GREEN AND GROWING
Spring is Here!
Spring is here. The weather, the flowers, the birds, and above all, the itchy feeling in the palms of gardeners’ hands tells us so, regardless of the date of the equinox or last frost. This winter’s persistent rain has forced most gardeners to sit on their hands indoors, but now its time to get outside and dig. Many tasks have been delayed past their optimal date, so there is no time to lose.
What should the gardener or home landscaper do first? Stop. Slow down. Smell the flowers that are already blooming. If we can’t enjoy our plants, what is the point of our toil? We are in the last stages of bloom for Japanese camellias, Daffodils, Sweet breath of spring, Flowering quince and Border forsythia. But Saucer and Star magnolias, Periwinkle, Thrift, and Hyacinth are in full bloom. Cherry trees have largely faded, but Redbud and Lorapetalum are just opening up. Dogwoods will follow the Redbud by about two weeks. The azalea explosion is yet to come.
Now, get to work. If you have not completed your winter pruning, do it now, before spring growth begins. You would have wanted to winter prune any shrub that blooms after the first of June. Flowering plants that bloom in the spring, however, should not be pruned until after their bloom. For example, you can bloom Japanese camellias now, because they have already bloomed. You can prune the Lorapetalum as soon as it finishes. A Crape myrtle will not bloom until June and only on wood that grows this spring, so you can prune it now if you move quickly. (Please don’t top it in the practice known as “crape murder.”) But you would not prune a fall-blooming Sasanqua camellia now, since to do so would cut off the bloom bud that formed this winter. That should have been done in the winter.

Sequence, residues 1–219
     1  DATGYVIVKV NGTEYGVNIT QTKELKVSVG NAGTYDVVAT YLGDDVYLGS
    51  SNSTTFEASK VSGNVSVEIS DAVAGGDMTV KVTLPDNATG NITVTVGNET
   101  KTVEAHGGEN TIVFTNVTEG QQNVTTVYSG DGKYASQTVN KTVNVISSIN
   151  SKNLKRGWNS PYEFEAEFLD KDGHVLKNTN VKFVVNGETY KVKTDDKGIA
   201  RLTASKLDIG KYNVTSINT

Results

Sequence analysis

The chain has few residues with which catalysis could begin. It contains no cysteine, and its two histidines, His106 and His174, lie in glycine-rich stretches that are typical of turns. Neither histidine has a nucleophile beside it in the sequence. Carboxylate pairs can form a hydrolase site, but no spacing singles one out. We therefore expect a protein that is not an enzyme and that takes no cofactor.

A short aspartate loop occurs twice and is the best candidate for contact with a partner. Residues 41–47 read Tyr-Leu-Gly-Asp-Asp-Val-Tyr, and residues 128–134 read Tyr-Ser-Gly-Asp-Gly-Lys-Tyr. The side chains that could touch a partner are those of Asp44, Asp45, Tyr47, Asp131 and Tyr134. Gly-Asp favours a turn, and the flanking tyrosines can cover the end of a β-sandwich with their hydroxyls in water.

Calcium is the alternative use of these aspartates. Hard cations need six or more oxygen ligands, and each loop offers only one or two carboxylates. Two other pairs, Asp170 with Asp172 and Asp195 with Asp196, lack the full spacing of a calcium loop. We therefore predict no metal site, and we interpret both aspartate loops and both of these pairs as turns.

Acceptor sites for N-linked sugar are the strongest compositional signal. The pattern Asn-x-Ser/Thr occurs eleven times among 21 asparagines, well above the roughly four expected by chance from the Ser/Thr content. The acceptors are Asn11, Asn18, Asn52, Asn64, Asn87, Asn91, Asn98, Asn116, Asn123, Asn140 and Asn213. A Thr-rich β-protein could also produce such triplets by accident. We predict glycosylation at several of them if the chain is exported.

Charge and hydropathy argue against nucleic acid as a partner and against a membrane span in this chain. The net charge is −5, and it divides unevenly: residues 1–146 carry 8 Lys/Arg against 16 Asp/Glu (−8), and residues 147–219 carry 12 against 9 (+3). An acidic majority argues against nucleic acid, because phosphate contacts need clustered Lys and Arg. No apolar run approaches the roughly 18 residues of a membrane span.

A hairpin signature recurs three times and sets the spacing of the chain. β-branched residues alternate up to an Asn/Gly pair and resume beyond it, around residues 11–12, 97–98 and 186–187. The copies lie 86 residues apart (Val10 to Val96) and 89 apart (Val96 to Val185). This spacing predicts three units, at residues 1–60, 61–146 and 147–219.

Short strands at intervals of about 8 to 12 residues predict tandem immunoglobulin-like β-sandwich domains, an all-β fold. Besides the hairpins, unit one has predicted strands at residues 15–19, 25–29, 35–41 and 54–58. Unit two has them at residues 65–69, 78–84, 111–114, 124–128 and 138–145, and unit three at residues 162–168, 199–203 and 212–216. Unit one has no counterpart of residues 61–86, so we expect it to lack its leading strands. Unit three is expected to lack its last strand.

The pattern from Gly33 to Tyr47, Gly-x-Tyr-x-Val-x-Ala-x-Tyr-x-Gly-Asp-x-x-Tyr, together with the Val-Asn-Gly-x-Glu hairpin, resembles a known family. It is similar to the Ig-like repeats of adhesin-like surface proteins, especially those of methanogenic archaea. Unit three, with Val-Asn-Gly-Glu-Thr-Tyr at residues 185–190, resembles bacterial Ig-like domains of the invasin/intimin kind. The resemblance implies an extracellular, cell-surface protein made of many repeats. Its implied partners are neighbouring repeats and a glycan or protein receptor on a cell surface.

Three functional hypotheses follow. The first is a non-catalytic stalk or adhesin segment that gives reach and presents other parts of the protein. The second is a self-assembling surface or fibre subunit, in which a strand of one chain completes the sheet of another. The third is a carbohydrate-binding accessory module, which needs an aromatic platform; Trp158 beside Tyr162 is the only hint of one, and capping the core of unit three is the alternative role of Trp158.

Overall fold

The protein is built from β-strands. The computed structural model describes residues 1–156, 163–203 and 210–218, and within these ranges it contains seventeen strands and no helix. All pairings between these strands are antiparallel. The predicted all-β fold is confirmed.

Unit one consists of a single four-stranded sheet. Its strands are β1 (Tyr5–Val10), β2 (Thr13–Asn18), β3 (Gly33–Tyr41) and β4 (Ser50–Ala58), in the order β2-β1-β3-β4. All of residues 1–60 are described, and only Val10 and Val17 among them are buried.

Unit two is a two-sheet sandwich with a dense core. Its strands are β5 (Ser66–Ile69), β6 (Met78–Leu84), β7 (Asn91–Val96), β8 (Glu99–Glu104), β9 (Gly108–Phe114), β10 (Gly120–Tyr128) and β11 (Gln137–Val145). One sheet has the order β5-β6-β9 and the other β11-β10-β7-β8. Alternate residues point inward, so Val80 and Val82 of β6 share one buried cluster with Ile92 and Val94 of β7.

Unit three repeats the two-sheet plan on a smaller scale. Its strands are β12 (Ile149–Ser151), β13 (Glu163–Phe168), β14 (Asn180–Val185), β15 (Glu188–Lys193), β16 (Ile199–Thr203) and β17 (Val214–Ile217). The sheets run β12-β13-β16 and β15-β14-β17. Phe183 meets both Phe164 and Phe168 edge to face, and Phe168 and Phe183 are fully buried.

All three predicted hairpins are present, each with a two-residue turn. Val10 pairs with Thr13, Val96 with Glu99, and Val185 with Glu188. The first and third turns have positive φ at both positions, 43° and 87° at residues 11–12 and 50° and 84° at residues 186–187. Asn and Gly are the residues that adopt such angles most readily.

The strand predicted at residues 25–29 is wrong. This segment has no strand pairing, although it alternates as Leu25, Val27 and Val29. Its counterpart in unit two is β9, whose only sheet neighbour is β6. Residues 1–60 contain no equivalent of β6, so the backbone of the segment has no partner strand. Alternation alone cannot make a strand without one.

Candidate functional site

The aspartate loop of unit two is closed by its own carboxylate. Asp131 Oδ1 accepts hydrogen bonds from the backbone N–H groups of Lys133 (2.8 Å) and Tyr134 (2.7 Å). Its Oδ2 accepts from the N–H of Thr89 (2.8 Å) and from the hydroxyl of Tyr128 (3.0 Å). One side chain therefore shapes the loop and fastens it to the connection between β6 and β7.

Vegetable gardeners should prepare their soil by working in organic material and applying lime and fertilizer, as recommended by the soil test results obtained from North Carolina State’s Soil Testing Section. (You did get a soil test, didn’t you?) Now is the time to plant seeds for beets, carrots, radishes (a favorite for children), lettuce, kale, spinach, and Swiss chard—really all the tubers, roots, and leafy vegetables. Fruiting vegetables such as tomatoes, okra, peppers, and eggplants are usually planted as transplants and must wait, not only for the danger of frost to pass, but for the soil to warm up to 70 degrees. That time is usually after May first. Plant your bean seeds in between the dates for leafy vegetables and fruiting vegetables.
Lawn services are busy spreading fertilizer and preemergent herbicide to control crabgrass. You should be doing so too. If you prefer not to distribute manufactured chemicals on your lawn, try corn meal gluten, which is somewhat effective as a preemergent if applied right now and again in six weeks and is, certainly, a good fertilizer. Again, a soil test is critical to the effective use of any fertilizer.
Next? Stop. Slow down. Smell the flowers. Don’t miss April, Davidson’s most glorious month in the flowering season.
Tom Watson is a Volunteer Extension Master Gardener in Mecklenburg County. He has also received a Certificate in Native Plants from UNC-C and a Certificate in Horticulture Technology--Residential Landscape Design from CPCC. He and his wife, Sue Bartlett, own The Cedars Davidson Bed & Breakfast.